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Organic Chemistry 6 th Edition Paula Yurkanis Bruice

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Chapter 18 Carbonyl Compounds II Reactions of Aldehydes and Ketones More Reactions of Carboxylic Acid Derivatives Reactions of a , b -Unsaturated Carbonyl Compounds. Organic Chemistry 6 th Edition Paula Yurkanis Bruice. Nomenclature of Aldehydes.

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Presentation Transcript
slide1

Chapter 18

Carbonyl Compounds II

Reactions of Aldehydes and Ketones

More Reactions of Carboxylic Acid Derivatives

Reactions of a,b-Unsaturated Carbonyl Compounds

Organic Chemistry

6th Edition

Paula Yurkanis Bruice

slide4

If a compound has two functional groups, the one with the

lower priority is indicated by its prefix:

slide5

Nomenclature of Ketones

The carbonyl is assumed to be at the 1-position in cyclic

ketones:

slide6

If a ketone has a second functional group of higher

priority…

A few ketones have common names:

slide7

The partial positive charge on the carbonyl carbon causes

that carbon to be attacked by nucleophiles:

An aldehyde has a greater partial positive charge on its

carbonyl carbon than does a ketone:

aldehydes are more reactive than ketones
Aldehydes Are More Reactive Than Ketones
  • Steric factors contribute to the reactivity of an aldehyde.
  • The carbonyl carbon of an aldehyde is more accessible
  • to the nucleophile.
  • Ketones have greater steric crowding in their transition
  • states, so they have less stable transition states.
slide10

Carboxylic acid derivatives undergo nucleophilic acyl

substitution reactions with nucleophiles:

slide11

Aldehydes and ketones undergo nucleophilic addition

reactions with nucleophiles:

This is an irreversible nucleophilic addition reaction if the nucleophile is a strong base

slide13

Formation of a New Carbon–Carbon

Bond Using Grignard Reagents

Grignard reagents react with aldehydes, ketones, and

carboxylic acid derivatives

slide17

+

+ NH3

Na

Reaction of Acetylide Ions with Carbonyl Compounds

slide21

Mechanism for the reaction of an ester with hydride ion:

Esters and acyl chlorides undergo two successive

reactions with hydride ion and Grignard reagents

slide23

The reduction of a carboxylic acid with LiAlH4 forms a

single primary alcohol:

Acyl chloride is also reduced by LiAlH4 to yield an alcohol

slide24

An amide is reduced by LiAlH4 to an amine

Mechanism for the reaction of an N-substituted amide

with hydride ion:

slide28

Compared with Grignard reagents and hydride ion, CN– is

a relatively weak base; therefore, in basic solution…

slide29

Aldehydes and ketones react with a primary amine to

form an imine:

This is a pH-dependent nucleophilic addition–elimination reaction

slide30

Dependence of the rate of the reaction of acetone with

hydroxylamine on the pH of the reaction: a pH-rate profile

Maximum rate is at pH = pKa of +NH3OH;

at this pH, both [H+] and [NH2OH] have the highest values

Decreasing rate: [H+] is decreasing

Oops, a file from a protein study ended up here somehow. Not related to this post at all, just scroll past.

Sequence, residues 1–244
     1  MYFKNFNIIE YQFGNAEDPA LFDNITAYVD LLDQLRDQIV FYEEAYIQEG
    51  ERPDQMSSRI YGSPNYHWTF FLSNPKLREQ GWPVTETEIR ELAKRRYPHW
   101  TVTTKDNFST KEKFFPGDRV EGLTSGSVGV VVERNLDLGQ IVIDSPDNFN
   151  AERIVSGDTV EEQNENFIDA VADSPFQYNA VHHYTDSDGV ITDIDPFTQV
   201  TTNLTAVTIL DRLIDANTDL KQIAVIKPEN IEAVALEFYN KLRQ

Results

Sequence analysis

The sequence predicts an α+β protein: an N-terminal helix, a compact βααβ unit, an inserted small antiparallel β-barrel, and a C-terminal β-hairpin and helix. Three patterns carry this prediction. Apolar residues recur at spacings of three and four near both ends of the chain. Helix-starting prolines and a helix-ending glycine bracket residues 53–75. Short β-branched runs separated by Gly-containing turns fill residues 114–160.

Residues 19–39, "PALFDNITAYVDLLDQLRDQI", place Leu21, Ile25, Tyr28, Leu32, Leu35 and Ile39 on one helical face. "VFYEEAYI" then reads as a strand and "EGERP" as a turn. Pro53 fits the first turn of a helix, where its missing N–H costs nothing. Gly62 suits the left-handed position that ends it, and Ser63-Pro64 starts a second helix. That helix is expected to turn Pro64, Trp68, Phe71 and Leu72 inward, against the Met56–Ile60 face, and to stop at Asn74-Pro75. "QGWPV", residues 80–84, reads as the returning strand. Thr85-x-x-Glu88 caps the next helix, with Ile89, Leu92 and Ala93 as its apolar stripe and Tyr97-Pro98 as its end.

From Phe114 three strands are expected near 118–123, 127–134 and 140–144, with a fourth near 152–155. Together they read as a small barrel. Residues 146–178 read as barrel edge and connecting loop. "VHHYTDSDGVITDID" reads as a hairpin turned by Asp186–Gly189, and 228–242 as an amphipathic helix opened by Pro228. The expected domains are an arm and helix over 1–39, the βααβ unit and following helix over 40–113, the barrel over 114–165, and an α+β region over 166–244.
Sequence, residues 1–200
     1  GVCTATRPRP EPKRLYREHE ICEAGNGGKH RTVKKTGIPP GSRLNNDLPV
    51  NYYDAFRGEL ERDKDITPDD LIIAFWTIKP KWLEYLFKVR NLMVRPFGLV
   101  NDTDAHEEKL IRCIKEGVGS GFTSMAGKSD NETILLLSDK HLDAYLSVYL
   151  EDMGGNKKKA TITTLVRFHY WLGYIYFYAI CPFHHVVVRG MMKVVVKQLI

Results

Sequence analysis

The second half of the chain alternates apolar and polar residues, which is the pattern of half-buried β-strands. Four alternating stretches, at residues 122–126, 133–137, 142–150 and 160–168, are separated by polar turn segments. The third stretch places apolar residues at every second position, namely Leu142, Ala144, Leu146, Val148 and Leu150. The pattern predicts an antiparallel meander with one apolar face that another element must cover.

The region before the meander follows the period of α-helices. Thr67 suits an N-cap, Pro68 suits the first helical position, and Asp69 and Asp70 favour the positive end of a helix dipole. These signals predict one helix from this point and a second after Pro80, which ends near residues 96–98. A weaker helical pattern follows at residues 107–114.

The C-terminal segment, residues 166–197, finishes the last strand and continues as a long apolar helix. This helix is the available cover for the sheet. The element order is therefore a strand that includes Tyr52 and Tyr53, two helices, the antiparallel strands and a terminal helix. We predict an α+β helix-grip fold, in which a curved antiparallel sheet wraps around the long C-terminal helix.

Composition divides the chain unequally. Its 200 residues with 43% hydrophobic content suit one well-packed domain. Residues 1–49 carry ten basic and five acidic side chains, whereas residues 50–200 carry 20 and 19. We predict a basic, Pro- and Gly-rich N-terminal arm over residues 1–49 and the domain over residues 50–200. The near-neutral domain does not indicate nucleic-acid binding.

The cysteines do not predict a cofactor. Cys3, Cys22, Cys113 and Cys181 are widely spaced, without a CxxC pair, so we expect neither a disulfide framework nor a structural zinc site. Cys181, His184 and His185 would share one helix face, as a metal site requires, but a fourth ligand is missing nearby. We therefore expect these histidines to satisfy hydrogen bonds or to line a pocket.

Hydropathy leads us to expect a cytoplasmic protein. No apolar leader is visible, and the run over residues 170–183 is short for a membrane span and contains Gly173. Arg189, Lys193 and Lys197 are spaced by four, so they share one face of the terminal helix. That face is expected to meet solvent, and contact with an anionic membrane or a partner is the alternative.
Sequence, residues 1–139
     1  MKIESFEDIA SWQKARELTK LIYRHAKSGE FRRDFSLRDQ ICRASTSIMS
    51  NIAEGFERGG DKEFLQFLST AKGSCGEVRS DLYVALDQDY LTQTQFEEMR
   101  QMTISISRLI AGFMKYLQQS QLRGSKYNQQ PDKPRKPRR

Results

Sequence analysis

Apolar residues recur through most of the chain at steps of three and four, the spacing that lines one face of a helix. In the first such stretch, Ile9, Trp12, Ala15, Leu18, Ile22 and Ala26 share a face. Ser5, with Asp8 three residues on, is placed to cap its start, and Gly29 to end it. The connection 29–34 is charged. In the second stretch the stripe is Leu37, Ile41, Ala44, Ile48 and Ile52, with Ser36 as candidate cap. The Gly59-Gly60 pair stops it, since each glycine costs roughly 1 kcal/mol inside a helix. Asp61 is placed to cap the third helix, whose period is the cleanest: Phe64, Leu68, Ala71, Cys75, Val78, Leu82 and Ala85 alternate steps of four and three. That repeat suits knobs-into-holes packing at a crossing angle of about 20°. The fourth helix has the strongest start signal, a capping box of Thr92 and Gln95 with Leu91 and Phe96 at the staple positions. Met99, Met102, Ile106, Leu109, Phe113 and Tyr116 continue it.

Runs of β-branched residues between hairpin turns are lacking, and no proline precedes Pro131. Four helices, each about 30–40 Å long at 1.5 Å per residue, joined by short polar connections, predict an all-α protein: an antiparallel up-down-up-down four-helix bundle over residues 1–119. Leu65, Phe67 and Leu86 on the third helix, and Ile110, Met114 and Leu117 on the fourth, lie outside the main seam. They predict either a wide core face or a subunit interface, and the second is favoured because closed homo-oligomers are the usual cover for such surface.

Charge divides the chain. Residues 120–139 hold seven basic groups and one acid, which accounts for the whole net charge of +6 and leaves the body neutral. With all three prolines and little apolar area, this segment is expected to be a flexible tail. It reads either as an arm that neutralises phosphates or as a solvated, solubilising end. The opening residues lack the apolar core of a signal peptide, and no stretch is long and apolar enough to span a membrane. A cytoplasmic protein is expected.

Decreasing rate: [NH2OH] is decreasing

Composition of the rate- determining step:

slide31

Aldehydes and ketones react with secondary amines to

form enamines:

An enamine undergoes an acid-catalyzed hydrolysis to

form a carbonyl compound and a secondary amine

slide36

Deoxygenation of the Carbonyl Group

Called the Wolff–Kishner reduction

slide40

The equilibrium constant for the reaction depends on the

relative stabilities of the reactants and products:

slide41

Addition of an Alcohol to

an Aldehyde or a Ketone

slide43

Utilization of Protecting Groups

in Synthesis

LiAlH4 will reduce the ester to yield an alcohol, but

the keto group will also be reduced

slide44

The keto group is protected as a ketal in this synthesis:

The more reactive aldehyde is protected with the diol

before reaction with the Grignard reagent:

slide50

The synthetically useful aldehyde anion does not exist

But its equivalent is accessible via the thioacetal:

slide51

Formation of Alkenes:

The Wittig Reaction

slide53

Preparation of the Phosphonium Ylide

The phosphonium ylide should be prepared from

sterically hindered alkyl halide:

Synthetic target:

Preferred synthetic approach:

slide54

The Wittig reaction is completely regioselective.

  • This reaction is the best way to make a terminal alkene.
  • Stable ylides form primarily E isomers, and unstabilized
  • ylides form primarily Z isomers.
  • Stable ylides have a group (C=O) that can share the
  • carbanion’s negative charge.

Example:

slide55

Stereochemistry of

Nucleophilic Addition Reaction

slide59

Disconnections, Synthons, and

Synthetic Equivalents

slide66

Nucleophiles that form unstable addition products form

  • conjugated addition products, because the conjugate
  • addition is not reversible.
  • Nucleophiles that form stable addition products can
  • form direct addition products or conjugate addition
  • products.
  • If the rate of direct addition is slowed down by steric
  • hindrance, a Grignard reagent will form the conjugate
  • addition product.
slide68

Strong bases form direct addition products with reactive

carbonyl groups and conjugate addition products with

less reactive carbonyl groups:

addition reactions to a b unsaturated carbonyls
Addition Reactions to a,b-Unsaturated Carbonyls
  • Michael addition nucleophiles:
  • Cyanide
  • Sulfide
  • Organocuprate
  • Amine
  • Halides
  • Direct addition nucleophiles:
  • Grignard
  • LAH
  • Organolithiums
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